It is seven years ago since Helena Jäntti, and Sakari Syväoja sat down and started to discuss if it would be possible to recognise lifelessness with the help of a smartphone. This discussion was the beginning of Heart2Save and Syväoja’s doctoral thesis about recognition of out-of–hospital cardiac arrests.
Syväoja and Jäntti have known each other since they studied at the University of Eastern Finland. Syväoja once moved from Helsinki to Kuopio in order to study medicine; later his summer job took him to Joensuu. To Savonia and Kuopio Sakari returned for his specialisation courses in 1991 and years after that to Joroinen for his Emergency Doctor training in a rescue helicopter.
ALIVE OR LIFELESS – THE ASSESSMENT OVER THE PHONE IS DIFFICULT
When a medical emergency occurs outside of the hospital, the emergency number is called. ”The most serious and urgent situation is cardiac arrest. Then you should get help within minutes and start cardiopulmonary resuscitation immediately. This would, however, mean that one would already during the emergency call need to recognise that it is a case of cardiac arrest and lifelessness.” Sakari tells us.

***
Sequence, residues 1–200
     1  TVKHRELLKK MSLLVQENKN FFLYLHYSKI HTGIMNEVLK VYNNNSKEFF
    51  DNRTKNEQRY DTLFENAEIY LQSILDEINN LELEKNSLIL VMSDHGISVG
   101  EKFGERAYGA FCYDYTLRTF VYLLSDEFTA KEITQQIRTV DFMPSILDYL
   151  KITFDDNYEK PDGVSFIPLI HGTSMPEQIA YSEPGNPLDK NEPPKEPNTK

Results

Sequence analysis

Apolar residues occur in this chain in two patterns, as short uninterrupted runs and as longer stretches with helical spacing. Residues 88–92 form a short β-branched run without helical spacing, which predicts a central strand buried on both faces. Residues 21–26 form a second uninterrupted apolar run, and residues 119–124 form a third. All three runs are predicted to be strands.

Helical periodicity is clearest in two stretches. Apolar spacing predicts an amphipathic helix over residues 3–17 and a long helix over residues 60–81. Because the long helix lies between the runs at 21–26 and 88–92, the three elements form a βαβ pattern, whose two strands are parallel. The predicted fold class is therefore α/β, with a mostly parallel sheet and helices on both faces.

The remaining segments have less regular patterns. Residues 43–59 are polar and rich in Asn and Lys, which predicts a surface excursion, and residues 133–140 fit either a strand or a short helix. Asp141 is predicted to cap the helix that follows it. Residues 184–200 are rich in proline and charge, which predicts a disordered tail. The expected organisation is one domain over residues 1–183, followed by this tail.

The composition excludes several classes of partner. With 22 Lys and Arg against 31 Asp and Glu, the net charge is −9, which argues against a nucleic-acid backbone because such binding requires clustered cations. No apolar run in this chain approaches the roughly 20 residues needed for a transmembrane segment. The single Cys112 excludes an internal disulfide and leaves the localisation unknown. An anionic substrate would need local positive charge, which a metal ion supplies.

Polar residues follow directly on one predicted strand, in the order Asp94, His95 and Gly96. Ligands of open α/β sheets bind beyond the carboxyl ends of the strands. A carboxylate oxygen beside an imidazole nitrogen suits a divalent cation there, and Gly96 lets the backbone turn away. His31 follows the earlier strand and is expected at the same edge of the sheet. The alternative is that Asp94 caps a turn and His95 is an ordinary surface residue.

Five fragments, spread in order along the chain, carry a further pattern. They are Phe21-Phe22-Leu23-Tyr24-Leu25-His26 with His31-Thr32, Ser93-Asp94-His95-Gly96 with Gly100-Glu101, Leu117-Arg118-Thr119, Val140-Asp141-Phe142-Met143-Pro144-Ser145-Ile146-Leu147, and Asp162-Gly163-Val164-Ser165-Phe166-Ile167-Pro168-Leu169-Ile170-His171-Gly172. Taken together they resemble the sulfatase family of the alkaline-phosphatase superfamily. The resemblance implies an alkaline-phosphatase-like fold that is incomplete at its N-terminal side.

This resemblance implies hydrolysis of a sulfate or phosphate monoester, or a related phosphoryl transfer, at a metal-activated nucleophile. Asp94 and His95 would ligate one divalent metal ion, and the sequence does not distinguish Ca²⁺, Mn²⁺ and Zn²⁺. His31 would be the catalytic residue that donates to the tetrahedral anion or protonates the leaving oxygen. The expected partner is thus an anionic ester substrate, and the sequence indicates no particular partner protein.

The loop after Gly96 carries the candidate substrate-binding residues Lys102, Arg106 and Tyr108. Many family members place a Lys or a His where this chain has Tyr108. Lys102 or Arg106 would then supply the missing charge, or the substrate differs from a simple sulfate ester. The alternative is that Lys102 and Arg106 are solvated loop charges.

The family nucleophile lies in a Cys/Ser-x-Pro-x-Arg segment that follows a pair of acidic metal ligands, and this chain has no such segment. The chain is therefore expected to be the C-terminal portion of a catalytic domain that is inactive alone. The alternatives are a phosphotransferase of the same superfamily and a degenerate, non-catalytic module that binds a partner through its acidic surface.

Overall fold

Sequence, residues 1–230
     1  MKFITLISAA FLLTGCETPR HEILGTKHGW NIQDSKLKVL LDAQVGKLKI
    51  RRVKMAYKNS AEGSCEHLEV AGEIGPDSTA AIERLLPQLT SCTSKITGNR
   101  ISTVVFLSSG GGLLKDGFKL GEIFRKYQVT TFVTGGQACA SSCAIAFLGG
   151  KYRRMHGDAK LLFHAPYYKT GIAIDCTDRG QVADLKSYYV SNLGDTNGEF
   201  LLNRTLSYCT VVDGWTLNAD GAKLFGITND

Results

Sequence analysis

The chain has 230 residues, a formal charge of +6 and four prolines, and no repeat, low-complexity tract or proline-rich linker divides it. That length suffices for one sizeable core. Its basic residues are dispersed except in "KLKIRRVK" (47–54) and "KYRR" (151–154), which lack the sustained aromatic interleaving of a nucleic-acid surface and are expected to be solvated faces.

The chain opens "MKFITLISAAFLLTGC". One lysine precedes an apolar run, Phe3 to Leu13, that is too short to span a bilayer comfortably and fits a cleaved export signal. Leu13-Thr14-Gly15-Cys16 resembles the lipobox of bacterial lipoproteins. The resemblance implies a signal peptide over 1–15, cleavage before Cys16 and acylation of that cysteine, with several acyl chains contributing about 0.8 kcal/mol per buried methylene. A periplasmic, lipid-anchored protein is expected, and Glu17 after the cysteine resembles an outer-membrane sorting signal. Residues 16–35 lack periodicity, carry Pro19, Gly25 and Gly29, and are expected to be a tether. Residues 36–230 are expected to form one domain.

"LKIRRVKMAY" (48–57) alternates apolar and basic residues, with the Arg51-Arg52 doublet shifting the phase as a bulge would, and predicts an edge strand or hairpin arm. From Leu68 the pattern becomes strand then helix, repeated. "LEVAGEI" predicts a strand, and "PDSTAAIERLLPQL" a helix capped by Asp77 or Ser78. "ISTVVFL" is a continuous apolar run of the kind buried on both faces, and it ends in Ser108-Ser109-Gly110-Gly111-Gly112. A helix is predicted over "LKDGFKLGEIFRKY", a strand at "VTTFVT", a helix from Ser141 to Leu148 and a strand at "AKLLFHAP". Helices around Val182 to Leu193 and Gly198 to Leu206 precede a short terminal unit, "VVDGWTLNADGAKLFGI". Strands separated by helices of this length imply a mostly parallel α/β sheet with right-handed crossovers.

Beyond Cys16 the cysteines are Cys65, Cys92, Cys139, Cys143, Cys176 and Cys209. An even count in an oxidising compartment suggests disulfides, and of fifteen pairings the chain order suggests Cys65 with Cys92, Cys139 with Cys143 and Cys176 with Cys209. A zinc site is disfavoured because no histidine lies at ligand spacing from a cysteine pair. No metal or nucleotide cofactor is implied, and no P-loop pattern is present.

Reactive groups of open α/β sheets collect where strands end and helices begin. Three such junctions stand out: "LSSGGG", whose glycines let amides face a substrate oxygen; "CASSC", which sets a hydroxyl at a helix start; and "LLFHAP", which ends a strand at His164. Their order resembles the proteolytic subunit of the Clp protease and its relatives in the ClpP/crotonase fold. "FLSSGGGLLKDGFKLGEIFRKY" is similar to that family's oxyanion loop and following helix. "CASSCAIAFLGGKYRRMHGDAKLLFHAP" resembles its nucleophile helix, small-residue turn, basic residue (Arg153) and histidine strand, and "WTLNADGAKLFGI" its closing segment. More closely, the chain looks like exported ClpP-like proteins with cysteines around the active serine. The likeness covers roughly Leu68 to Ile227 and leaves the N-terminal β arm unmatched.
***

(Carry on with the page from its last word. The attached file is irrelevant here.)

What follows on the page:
”Nowadays the recognition of cardiac arrest is based on if the person is unresponsive and on the evaluation of the breathing. If an unresponsive person doesn’t breathe or doesn’t breathe normally, the starting point is that he/she is lifeless. The evaluation of if someone is breathing or not is difficult for an expert, not to speak of a layman. Let alone for the emergency service dispatcher who needs to evaluate over the phone,” Sakari explains. ”Many times the emergency service dispatcher must draw between different dispatch codes when there is no clarity in if the patient is lifeless or alive. It is mentally a very stressful situation, and it depends much on the psychological state of the caller, what kind of information the dispatcher gets regarding the incident. If the cardiac arrest is recognised, the cardiopulmonary resuscitation starts earlier and chances for survival increases.”
”To recognise lifelessness during the emergency call is vital.”
Syväoja’s doctoral thesis researched an extensive amount of material (of more than 2000 patients), in order to understand what the recognition of lifelessness means. ”A bigger part of the patients are being discharged from the hospital if lifelessness has been recognised during the emergency call and the cardiopulmonary resuscitation has started in time,” Sakari explains. ”To recognise lifelessness during the emergency call is vital.”
Helena and Sakari started together to think about a new way to approach and solve this recognition problem.